BOULDER, Colo. (Reuters) – A man seen bloodied and limping as he was led away by police in handcuffs has been arrested on suspicion of killing 10 people, including a police officer, at a Colorado grocery store, marking America’s second fatal mass shooting in a week.
The gunman, who was not publicly identified, opened fire at a King Soopers outlet in Boulder, about 28 miles (45 km) northwest of Denver, in the late afternoon on Monday, sending panicky shoppers and employees scurrying for cover as hundreds of police officers converged on the area.
Media reports said the suspect, who police said was believed to have acted alone, was armed with a rifle.
Authorities gave few details and offered no possible motive for the bloodshed, which came six days after a gunman went on a killing spree in the Atlanta area, shooting eight people to death at three day spas before he was arrested.
Like those shootings, Monday’s violence in Colorado unfolded in a place of business at the hands of a single armed assailant.
“We were at the checkout, and shots just started going off,” said Sarah Moonshadow, 42, a shopper who was in the store with her adult son, Nicholas, when the gunfire began.
“And I said, ‘Nicholas get down.’ And Nicholas ducked. And we just started listening and there, just repetitive shots … and I just said, ‘Nicholas, run.’”
Moonshadow said she tried to attend to a victim she saw lying on the pavement just outside the store, but her son pulled her away, telling her, ‘We have to go.’” The woman broke down in sobs recounting their ordeal, adding, “I couldn’t help anybody.”
Boulder Police Chief Maris Herold, her voice choking with emotion, said 10 people perished at the scene. Among them was 51-year-old officer Eric Talley, an 11-year veteran of the Boulder police force, who Herold said was the first to arrive at the store. Talley had seven children, and had been looking for a less dangerous job, according to his father.
Police said the accused gunman was taken to a hospital for treatment of injuries he sustained in the violence but did not explain how he was hurt. There was no word on when he might face an initial court appearance.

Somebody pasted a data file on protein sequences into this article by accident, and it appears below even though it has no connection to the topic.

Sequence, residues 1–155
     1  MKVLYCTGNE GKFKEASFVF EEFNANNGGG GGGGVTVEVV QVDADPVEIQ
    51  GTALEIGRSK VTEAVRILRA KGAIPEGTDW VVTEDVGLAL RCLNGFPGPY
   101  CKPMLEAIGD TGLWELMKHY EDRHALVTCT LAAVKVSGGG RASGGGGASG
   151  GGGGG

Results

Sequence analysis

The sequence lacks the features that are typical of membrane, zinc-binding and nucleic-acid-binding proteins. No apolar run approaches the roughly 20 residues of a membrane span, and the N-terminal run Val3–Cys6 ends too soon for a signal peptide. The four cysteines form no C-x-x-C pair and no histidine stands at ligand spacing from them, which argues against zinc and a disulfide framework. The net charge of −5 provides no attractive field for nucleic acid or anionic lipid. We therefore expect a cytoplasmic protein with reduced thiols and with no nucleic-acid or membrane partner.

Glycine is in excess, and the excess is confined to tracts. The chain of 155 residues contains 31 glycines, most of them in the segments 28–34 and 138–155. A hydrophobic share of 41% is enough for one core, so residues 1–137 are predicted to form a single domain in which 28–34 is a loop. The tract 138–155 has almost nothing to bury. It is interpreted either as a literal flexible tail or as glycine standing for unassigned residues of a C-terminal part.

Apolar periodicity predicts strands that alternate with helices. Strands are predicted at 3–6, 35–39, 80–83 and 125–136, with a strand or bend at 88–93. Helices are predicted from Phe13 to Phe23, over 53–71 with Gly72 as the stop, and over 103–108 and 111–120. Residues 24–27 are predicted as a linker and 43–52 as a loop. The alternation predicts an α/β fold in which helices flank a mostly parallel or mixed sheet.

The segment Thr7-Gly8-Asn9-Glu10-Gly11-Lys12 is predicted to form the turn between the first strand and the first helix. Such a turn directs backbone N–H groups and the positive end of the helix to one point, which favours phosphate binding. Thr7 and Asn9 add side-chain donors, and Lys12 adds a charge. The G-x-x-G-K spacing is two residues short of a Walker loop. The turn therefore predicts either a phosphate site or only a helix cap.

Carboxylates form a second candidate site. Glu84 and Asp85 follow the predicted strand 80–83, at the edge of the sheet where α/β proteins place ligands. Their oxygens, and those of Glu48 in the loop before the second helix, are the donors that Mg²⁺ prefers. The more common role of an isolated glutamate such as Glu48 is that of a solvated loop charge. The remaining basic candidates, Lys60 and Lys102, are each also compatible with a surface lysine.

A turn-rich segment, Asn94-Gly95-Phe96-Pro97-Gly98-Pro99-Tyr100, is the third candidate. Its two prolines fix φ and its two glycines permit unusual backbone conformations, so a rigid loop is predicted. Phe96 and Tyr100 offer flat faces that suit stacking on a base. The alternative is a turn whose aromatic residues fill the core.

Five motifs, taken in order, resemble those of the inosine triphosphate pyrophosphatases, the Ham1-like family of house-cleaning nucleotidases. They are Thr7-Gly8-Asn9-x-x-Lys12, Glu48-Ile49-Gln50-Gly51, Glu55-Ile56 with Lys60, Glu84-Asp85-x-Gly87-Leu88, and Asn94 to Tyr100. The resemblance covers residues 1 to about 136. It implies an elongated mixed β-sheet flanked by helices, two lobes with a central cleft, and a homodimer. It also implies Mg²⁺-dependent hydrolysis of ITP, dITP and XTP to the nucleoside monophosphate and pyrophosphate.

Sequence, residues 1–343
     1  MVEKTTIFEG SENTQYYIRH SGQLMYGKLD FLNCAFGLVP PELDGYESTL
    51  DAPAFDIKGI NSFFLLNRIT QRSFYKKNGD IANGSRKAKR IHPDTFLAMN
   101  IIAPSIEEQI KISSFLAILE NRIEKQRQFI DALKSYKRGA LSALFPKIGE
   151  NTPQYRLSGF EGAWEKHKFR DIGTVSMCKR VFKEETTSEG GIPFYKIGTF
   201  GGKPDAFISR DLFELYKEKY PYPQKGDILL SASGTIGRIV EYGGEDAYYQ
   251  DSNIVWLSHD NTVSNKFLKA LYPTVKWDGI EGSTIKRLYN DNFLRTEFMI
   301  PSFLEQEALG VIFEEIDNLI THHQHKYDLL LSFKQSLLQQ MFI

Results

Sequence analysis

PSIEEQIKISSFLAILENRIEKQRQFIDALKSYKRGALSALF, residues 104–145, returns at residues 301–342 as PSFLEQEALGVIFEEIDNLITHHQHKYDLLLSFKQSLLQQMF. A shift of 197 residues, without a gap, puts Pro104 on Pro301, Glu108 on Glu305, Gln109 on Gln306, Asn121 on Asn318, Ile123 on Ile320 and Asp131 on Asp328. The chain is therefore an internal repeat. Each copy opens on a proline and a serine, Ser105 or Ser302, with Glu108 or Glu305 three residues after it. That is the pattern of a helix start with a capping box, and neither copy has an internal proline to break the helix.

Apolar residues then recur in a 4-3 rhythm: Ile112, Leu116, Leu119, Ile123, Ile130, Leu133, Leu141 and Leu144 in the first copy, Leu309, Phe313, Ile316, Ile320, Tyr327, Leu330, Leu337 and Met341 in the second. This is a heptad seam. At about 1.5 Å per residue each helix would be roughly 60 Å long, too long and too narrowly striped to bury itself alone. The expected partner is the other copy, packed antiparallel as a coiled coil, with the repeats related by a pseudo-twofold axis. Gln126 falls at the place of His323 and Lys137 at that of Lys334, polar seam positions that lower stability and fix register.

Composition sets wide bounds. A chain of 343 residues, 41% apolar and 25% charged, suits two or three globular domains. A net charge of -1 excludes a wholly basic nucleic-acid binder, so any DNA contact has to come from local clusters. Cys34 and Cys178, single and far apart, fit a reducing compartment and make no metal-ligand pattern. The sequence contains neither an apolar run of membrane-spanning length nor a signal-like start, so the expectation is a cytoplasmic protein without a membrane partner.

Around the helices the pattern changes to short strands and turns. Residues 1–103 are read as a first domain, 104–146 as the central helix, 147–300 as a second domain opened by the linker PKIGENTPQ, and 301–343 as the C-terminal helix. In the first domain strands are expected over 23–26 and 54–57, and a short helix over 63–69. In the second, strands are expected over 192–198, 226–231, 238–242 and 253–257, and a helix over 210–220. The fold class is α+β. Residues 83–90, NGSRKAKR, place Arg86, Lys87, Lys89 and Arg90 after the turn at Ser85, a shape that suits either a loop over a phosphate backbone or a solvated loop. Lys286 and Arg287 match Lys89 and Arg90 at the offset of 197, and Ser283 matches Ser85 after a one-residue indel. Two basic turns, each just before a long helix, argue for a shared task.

Video footage broadcast by television stations showed a shirtless, bearded man in boxer shorts being led away from the store limping and in handcuffs, before he was placed on a stretcher and loaded into an ambulance. One of his legs appeared covered in blood.
The killings added to a long line of mass shootings in Colorado accounting for some of the most shocking episodes of gun violence in modern U.S. history.
In 2012, a young man dressed in tactical gear burst into a movie theater in the Denver suburb of Aurora during a midnight screening and sprayed the audience with gunfire, killing 12 and wounding 70. In 1999, a pair of students went on a shooting rampage at Columbine High School near Littleton, Colorado, murdering 12 classmates and a teacher before taking their own lives.
Video captured by an onlooker, apparently while the shooting was still in progress, was posted to social media and aired on TV stations. It showed two bodies lying in the grocery store parking lot, before the person with the camera walks inside and films a third body, as three shots are heard in the background.
The United Food and Commercial Workers International Union, Local 7, which represents 32 employees at the King Soopers outlet, credited some of the grocery workers with helping customers escape through a rear exit.
It also thanked customers and emergency responders who “acted swiftly to prevent even greater loss of life.”
The shooting occurred about 2 miles from the flagship campus of the University of Colorado, in the Table Mesa area of the city that is home to a residential neighborhood and the hilltop laboratory of the National Center for Atmospheric Research.
Reporting by Alyson McClaran in Boulder, Colo., and Keith Coffman in Denver; Additional reporting by Kevin Mohatt in Boulder, Sharon Bernstein in Sacramento, Calif., and Dan Whitcomb in Los Angeles; Writing by Steve Gorman; Editing by Stephen Coates
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